The world of data processing can be confusing and full of unfamiliar terminology. To give you a helping hand we have compiled a list of commonly used phrases and their meanings:
The process of removing duplicated records from a set of data. Duplicate data can be identified by any one of a number of methods depending upon the quality of your data.
A list of records that you would like to have removed from your data prior to sending a mailing. These are most likely people who have unsubscribed to your mailings previously, but could also be people from segments of your customer base that you don’t want to market to right now.
If you have a large data set it is an unfortunate fact that some people will pass away. Obviously, you don’t want to send out items to these people. It costs money and you are likely to upset relatives. This process removes such people from your mailing list.
Every year 10% of the population moves house, in theory that means that up to 10% of your data is out of date within 12 months of collecting it. This process tracks those movers and flags them so you can remove them as required.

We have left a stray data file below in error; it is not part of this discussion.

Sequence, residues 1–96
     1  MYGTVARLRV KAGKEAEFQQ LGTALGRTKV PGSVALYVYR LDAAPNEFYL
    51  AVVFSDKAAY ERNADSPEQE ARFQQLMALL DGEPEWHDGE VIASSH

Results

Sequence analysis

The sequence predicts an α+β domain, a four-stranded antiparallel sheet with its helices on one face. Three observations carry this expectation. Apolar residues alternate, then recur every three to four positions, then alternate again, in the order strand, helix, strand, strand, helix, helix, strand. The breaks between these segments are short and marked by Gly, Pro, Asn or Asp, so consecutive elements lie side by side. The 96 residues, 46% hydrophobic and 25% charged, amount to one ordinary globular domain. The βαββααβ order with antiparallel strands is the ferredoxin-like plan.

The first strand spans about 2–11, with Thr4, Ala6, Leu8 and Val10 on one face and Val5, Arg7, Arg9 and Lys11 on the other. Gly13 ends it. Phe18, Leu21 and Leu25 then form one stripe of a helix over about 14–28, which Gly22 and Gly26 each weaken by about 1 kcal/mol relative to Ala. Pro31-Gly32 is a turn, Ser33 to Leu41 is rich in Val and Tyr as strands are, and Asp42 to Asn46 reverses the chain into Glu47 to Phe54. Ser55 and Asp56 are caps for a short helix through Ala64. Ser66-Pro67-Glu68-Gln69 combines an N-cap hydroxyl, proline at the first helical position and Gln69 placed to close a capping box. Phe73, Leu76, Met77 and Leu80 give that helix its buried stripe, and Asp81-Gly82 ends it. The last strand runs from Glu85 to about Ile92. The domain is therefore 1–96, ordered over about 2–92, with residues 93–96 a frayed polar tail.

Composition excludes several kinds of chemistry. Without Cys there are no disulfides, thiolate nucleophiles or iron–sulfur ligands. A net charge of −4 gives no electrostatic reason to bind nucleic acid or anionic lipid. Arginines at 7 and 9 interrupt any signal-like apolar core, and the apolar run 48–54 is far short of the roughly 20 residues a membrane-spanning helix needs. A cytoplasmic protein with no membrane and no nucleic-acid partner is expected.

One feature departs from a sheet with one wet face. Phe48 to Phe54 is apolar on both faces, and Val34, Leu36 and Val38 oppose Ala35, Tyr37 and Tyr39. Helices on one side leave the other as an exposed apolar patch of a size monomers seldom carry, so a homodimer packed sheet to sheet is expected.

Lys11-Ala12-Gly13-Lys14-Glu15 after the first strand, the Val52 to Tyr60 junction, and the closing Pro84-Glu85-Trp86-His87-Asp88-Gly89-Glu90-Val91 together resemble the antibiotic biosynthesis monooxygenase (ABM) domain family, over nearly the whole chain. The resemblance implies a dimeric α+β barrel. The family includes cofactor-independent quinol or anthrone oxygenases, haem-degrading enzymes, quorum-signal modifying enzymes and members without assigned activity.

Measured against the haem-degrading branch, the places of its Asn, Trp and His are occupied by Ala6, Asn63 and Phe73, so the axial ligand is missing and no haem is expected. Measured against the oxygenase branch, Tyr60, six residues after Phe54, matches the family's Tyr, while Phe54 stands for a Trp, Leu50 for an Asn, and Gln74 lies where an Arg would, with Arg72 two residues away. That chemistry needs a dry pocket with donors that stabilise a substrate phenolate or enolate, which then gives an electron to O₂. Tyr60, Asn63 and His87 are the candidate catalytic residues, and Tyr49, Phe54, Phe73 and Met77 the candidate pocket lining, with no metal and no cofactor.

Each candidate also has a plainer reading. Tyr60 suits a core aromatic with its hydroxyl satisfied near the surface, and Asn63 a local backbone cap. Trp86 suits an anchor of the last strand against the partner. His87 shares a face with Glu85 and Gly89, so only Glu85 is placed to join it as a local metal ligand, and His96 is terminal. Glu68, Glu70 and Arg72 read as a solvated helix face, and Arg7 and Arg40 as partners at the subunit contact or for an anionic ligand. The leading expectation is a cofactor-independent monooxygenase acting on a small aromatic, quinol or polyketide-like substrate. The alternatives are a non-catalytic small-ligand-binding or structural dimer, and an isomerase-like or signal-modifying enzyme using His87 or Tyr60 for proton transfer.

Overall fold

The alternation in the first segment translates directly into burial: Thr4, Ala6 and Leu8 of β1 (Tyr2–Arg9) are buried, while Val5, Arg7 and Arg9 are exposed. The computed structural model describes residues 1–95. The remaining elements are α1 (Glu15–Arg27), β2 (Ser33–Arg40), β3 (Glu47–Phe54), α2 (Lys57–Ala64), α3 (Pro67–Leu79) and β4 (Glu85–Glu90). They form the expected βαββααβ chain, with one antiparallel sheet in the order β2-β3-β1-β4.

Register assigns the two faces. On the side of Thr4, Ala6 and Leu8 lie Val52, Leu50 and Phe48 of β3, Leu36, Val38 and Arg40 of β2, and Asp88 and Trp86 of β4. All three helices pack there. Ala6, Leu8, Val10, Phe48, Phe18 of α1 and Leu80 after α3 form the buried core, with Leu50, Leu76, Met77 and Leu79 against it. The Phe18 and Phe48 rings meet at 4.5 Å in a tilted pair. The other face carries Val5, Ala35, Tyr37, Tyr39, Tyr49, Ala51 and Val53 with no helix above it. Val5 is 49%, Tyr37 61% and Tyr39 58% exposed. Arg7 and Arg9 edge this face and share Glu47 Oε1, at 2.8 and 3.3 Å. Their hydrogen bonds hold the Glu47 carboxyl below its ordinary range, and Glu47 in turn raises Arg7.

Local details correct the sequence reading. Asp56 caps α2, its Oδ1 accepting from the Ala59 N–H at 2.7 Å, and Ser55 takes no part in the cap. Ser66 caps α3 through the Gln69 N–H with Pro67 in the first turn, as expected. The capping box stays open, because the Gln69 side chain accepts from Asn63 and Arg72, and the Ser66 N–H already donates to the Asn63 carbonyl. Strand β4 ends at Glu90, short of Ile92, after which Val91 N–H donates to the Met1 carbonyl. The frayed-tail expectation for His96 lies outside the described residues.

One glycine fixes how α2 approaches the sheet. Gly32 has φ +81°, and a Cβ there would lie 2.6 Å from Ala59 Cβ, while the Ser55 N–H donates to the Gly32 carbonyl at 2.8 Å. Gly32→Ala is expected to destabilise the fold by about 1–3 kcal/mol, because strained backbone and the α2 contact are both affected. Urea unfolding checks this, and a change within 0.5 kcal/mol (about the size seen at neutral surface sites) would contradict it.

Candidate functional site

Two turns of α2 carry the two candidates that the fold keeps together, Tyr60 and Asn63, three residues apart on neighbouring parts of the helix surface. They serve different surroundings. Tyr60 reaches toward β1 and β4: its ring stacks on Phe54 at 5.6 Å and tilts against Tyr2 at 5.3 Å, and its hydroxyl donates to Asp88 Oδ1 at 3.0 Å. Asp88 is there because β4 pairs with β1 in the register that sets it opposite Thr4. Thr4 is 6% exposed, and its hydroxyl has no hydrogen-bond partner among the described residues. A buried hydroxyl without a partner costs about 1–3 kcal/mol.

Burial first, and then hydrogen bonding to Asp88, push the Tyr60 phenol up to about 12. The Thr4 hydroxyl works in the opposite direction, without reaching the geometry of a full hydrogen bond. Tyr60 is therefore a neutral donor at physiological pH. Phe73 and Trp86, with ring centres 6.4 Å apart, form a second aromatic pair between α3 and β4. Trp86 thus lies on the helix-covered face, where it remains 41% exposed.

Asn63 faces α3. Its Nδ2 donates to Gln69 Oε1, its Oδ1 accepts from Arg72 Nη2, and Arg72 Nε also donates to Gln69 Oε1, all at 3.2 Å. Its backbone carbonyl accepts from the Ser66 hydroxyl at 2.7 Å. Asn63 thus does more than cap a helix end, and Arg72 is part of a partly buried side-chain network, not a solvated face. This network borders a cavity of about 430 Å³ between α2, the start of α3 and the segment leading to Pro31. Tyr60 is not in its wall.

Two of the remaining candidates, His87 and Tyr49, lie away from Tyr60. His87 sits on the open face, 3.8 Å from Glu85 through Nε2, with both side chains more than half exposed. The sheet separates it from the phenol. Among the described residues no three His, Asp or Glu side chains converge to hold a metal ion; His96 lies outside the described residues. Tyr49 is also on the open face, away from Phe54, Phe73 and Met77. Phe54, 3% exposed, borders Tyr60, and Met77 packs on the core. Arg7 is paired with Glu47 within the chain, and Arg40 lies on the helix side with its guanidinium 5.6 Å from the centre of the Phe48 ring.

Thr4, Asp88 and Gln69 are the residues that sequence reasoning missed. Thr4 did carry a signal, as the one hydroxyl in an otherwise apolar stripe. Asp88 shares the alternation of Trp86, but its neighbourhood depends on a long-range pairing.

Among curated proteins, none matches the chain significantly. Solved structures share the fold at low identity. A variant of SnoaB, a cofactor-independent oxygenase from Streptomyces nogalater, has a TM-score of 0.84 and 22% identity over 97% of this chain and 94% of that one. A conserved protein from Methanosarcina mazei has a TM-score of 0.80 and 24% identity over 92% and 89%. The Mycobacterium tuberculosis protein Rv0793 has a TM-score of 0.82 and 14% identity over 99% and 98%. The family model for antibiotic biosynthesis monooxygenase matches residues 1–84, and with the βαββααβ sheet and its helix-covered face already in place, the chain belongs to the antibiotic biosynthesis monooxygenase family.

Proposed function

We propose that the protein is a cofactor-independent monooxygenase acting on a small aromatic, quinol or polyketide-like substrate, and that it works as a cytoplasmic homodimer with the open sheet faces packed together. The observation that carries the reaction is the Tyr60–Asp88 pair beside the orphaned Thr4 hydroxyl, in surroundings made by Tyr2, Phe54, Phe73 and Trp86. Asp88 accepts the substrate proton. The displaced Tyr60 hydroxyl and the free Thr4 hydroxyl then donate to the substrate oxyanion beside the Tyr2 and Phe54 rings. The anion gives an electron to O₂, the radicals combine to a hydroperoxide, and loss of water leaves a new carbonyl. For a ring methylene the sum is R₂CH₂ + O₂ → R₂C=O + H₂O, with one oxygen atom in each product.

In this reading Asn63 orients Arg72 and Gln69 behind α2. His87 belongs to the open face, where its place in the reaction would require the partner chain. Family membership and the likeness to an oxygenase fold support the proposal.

So, you’ve suppressed the people who have gone away, but that also means that you’ve removed a customer from your list. This process enables you to track those people who have moved and continue to target them.
Maybe there’s a specific demographic that you don’t want to mail to, that could be housing associations or people who rent. This suppression will identify and remove these people from your lists.
People can register their address against the MPS. This means that they should no long receive unsolicited mail in the post, it is therefore prudent to check this register prior to undertaking a mailing.
A check that is carried out on your data to assess its suitability for the task you want to use if for. As an example:
If you are undertaking a mailing, are all of the postcodes correct and valid? Or, if you are emailing to businesses, do you have the contact emails and how many are simply Gmail accounts?
The process of checking the addresses you have in your data against the PAF database. This database is held by the Royal Mail and contains every registered address in the UK.
The process of analysing your data and creating a profile that fits either your typical customer or the customer you would like to target in this campaign. It could be based on age, sex, marital status, home ownership, etc. Basically, all the data that you have (or can append) to your current databases.
As ‘big data’ evolves and the use of data driven marketing campaigns expands I’m sure that there will be more and more terms that come along, but for now we hope that you find this list useful.
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